Council Member Tim Hubbard’s newest proposals to put a moratorium on industrial development in Calverton and development of commercial battery energy storage facilities in Riverhead were met with skepticism and opposition from other Town Board members, who did not openly embrace the idea of even calling public hearings on the proposals.
Hubbard, the most senior board member and the Republican candidate for town supervisor this year, brought both moratorium proposals — which would stop the review of certain applications — to the full board at its work session Thursday. Hubbard and town planners, who advised the board to support the moratoriums, said an industrial moratorium in Calverton was necessary to implement new initiatives of the comprehensive plan update, which is ongoing, and a moratorium on battery storage facilities would stop any development of the new use until an investigation by state officials into the cause of fires at battery storage facilities across the state concluded.
“There’s a lot of potential uses up there, a lot of square feet is available. And it’s about 12 million square feet of industrial space that’s available,” Hubbard said, referring to the Calverton hamlet. “And I for one don’t want to see 12 million square feet of industrial space used for development in that area.”
Hubbard proposed a moratorium on industrial development last year after the Planning Board recommended it. The Planning Board, Hubbard and planning department staff said the ongoing comprehensive plan update should study the future of the industrial zoning use districts, which required pausing the review of several large projects in the hamlet, including the 412,000-square-foot industrial park proposed by HK Ventures, a 641,000-square-foot logistics center proposed by Northpoint and a 131-acre industrial subdivision on Middle Country Road by OSTAD Riverhead. The moratorium had a massive wave of support from residents at several Town Board meetings.
A resolution to set the required public hearing on the moratorium was voted down by the Town Board 2-3 in January. Residents and civic groups have continued to ask the board to impose a moratorium, but with no success.
Both of the moratorium proposals discussed Thursday are for six months and include wide exemptions that would allow some industrial projects to continue to be reviewed by the Planning Board — which is something some board members in opposition to a “blanket” moratorium have said they would consider. The Town Board would be given the power to override its own moratorium on battery storage systems.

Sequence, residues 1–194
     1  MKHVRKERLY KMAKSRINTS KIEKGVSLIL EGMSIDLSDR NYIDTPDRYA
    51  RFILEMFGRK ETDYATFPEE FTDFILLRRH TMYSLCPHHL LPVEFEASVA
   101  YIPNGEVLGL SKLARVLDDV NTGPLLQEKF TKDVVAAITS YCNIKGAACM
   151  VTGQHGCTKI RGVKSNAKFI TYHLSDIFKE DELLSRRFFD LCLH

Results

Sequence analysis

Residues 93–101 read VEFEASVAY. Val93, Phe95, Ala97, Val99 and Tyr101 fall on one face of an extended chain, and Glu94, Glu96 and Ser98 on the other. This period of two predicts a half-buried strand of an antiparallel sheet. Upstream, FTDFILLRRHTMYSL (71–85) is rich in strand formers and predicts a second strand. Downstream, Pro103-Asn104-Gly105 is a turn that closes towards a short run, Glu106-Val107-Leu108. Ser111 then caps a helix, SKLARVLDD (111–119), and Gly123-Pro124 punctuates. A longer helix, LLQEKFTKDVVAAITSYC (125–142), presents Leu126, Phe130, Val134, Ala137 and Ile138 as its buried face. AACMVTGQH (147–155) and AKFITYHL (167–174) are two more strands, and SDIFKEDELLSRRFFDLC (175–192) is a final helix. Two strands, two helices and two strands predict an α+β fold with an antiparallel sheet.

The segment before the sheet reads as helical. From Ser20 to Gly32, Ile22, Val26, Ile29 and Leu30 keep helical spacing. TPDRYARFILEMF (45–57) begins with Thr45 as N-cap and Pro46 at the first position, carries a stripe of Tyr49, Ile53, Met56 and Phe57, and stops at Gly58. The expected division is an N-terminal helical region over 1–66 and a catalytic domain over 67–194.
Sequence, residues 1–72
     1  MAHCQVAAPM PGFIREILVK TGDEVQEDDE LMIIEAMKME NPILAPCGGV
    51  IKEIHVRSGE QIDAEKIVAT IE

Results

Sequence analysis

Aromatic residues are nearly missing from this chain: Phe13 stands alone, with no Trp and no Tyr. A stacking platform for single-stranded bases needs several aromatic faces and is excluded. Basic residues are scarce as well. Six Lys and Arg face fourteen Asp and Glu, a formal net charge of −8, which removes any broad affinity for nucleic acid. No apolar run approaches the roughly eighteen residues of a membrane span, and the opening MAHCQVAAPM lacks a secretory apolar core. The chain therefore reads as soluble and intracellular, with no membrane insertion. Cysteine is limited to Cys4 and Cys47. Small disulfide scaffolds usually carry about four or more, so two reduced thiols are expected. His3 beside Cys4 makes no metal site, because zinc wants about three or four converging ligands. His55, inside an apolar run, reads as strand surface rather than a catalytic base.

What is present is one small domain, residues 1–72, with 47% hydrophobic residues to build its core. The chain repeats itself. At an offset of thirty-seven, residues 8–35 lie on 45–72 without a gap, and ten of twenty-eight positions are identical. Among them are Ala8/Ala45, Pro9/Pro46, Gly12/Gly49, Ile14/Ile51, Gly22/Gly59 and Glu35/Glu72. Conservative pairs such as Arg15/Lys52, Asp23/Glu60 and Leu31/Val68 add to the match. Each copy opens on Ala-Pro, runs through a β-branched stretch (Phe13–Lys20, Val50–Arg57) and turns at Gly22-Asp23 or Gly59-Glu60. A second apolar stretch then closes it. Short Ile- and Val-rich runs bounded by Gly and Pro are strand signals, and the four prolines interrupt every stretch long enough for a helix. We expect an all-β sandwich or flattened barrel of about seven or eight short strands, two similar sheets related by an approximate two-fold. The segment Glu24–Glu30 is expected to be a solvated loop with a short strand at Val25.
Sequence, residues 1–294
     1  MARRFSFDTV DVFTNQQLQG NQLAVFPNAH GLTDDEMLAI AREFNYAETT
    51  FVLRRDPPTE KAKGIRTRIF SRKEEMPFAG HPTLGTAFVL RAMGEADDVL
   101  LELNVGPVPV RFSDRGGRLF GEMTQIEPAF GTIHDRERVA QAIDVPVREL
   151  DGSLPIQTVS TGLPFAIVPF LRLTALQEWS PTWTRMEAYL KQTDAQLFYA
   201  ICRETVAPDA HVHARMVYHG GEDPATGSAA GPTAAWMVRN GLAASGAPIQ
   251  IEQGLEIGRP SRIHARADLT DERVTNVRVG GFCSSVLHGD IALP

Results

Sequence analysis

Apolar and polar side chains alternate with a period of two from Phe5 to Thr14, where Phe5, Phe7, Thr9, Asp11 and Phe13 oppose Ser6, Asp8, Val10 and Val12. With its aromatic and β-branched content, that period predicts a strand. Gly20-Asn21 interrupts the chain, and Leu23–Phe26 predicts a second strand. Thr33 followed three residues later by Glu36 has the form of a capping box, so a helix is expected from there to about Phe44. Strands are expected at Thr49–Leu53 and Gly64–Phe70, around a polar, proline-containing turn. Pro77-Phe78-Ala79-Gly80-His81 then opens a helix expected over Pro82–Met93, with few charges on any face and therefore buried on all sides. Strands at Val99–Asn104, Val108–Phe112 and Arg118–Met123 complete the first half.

Still, those apparent concessions by Hubbard — which were not present when he introduced the original moratorium on industrial development — were not enough to win over fellow board members.
“We do not need to be known as the land of moratoriums,” Supervisor Yvette Aguiar said during the discussion.
Community Development Director Dawn Thomas, who is the interim head of the town’s planning department and is leading the development of the update to the comprehensive plan, said the town is attempting to expand its transfer of development rights program through the new plan. The plan is expected to recommend decreasing the density of industrial development, Thomas said, and allow for the purchase of development rights — which would be used to preserve farmland — to allow for increased density.
“And so if we allow development to go forward that’s currently proposed while those things are pending, you lose opportunity — and that’s really where moratoriums become appropriate,” Thomas said. “And so they’re very limited circumstances where they are appropriate — and I’m generally not a fan of moratoriums — however, in this particular instance, I feel like we need to allow us to really use TDRs to our advantage, to take the burden off of the residential taxpayers,” Thomas said.
“The best way to clarify it is, we’re taking our foot off the accelerator because we know we have a goal,” Planner Matt Charters said. “We can see the finish line, we know what we want to achieve, we just want to make sure that’s done correctly. Because at the same time, current zoning allows very intense development in this area. So there’s no real way, at this time, to say ‘please, wait, we want you to not do that, because we have a different idea.’ No. Developers are going to say we want to develop under the current zoning regime.”
Aguiar made her opposition to the industrial moratorium clear from the get go.